Days 15+

People who are heavily dependent on benzodiazepines may experience Post-Acute Withdrawal symptoms, also known as PAWS. These are random periods of sharp withdrawal symptoms months after quitting. Tapering down benzo use with the help of a doctor can prevent PAWS.

A Holistic Approach to Benzo Detox Addiction Treatment

Benzo addiction can have social and psychological effects on those who struggle with it. Some may find these effects to be the most significant difficulty they face.  However, for others, it is the physical effects that are the scariest.  When one stops taking benzodiazepines without tapering off, severe symptoms such as tremors, seizures, and even death can occur.  For this reason, professional treatment at a medical detox facility is critical. Once the benzo detoxification process has been safely completed, then an individualized treatment plan is developed.  During treatment, individuals who have struggled with benzo addiction will learn skills and tools to help them stay off of these drugs and lead a better life. Possible levels of care include PHP, IOP, and outpatient treatment for benzodiazepine addiction.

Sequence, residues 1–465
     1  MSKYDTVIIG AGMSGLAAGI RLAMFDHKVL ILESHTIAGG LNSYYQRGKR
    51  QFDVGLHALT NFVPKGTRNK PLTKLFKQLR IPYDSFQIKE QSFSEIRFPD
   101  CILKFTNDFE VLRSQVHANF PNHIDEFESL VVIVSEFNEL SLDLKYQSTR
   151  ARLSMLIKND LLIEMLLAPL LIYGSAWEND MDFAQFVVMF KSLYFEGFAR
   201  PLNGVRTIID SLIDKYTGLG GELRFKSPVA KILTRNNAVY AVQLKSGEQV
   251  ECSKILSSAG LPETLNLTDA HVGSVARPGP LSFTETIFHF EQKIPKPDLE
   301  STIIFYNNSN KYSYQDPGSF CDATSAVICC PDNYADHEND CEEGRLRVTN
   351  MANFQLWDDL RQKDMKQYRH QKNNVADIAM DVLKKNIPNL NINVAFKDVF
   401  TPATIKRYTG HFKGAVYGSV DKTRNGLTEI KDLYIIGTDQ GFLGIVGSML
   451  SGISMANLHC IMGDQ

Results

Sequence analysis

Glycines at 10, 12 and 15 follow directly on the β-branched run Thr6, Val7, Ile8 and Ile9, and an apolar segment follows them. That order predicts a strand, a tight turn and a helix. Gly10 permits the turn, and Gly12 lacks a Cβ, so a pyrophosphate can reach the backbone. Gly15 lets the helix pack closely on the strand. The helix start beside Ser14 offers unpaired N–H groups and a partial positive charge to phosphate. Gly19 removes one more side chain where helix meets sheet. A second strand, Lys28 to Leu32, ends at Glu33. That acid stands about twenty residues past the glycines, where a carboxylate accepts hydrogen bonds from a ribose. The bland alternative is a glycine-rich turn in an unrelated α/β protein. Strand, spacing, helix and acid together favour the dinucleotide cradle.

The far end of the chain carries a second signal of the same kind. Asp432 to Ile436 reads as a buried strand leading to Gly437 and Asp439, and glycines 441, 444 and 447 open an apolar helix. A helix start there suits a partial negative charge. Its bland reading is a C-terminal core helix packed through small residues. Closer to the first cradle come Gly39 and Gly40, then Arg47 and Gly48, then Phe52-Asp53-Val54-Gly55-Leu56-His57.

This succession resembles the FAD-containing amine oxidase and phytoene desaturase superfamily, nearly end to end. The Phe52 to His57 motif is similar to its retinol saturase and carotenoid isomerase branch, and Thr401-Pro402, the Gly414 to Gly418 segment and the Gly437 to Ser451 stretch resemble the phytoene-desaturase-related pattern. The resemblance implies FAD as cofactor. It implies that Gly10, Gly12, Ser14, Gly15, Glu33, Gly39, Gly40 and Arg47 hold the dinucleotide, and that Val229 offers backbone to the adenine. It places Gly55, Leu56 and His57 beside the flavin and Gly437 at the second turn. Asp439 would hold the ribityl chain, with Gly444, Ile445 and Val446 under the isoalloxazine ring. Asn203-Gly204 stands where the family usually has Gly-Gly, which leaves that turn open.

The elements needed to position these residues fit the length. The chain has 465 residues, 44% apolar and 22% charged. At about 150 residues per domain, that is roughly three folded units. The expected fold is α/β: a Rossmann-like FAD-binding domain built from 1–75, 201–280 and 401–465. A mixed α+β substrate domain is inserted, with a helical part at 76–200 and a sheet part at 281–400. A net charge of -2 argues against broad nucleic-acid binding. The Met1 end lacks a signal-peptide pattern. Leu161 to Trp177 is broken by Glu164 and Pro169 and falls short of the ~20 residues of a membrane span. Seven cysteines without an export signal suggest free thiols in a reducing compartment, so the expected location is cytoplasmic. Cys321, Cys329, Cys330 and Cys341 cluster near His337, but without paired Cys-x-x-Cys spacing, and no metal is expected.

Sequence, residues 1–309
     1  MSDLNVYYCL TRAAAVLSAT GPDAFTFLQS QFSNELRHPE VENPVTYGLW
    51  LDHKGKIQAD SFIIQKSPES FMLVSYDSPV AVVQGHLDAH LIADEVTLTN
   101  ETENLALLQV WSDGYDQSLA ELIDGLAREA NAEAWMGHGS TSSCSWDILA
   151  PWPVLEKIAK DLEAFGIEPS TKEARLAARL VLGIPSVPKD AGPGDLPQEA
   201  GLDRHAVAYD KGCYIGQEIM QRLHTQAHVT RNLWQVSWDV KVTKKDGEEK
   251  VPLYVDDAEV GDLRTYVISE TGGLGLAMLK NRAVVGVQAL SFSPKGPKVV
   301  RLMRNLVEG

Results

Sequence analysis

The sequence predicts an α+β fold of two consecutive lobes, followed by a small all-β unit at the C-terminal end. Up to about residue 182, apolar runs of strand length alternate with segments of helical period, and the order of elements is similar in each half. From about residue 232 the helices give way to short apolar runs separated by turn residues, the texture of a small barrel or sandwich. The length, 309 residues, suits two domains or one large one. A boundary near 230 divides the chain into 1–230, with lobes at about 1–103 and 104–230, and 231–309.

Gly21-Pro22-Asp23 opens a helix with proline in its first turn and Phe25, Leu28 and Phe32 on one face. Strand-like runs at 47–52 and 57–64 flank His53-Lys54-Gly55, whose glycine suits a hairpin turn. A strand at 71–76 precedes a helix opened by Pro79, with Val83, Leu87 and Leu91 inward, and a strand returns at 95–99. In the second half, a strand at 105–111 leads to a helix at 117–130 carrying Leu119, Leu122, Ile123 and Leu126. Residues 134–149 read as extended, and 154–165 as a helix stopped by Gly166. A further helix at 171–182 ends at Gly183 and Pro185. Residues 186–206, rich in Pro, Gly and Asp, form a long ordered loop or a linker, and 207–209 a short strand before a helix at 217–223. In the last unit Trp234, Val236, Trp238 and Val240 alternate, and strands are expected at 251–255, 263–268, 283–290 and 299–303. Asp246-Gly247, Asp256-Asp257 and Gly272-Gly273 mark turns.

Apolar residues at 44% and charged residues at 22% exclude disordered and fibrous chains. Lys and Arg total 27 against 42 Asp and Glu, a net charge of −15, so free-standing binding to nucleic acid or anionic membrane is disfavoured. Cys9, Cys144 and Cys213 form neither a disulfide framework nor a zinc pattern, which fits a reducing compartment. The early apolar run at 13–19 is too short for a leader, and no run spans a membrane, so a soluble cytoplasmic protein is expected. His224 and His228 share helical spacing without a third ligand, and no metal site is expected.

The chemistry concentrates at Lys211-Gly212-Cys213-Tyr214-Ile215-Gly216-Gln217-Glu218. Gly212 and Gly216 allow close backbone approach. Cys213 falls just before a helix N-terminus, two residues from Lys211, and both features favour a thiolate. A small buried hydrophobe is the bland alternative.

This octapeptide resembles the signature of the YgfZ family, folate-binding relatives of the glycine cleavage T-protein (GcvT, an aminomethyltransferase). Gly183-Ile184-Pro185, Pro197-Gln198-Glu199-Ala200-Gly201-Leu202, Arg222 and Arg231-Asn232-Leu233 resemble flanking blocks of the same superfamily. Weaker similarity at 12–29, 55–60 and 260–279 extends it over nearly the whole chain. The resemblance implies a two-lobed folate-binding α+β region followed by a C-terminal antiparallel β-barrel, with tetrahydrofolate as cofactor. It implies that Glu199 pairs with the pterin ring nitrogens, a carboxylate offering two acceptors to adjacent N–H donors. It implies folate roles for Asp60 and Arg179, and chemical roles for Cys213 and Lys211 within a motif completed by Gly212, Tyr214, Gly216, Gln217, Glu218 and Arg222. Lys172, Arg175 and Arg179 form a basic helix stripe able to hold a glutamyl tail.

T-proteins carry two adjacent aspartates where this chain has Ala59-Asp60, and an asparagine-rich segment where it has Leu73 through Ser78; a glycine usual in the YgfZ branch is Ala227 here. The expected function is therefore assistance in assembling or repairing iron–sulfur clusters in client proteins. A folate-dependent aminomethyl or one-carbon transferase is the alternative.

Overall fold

If you or someone you love struggles with an addiction to Ativan, Valium, or other forms of benzodiazepine, get them the help they need and deserve. It is crucial to seek medical attention as soon as withdrawal symptoms begin to occur. Contact our team at Level Up Lake Worth to get started today!

At We Level Up Treatment Center, we provide world-class care with round-the-clock medical professionals available to help you cope.  We work as an integrated team providing support through benzo detox and other aspects of treatment.  Make this your opportunity to reclaim your life.  Call today to speak with one of our treatment specialists.  Our counselors know what you are going through and will answer any of your questions.

Your call is private and confidential, and there is never any obligation.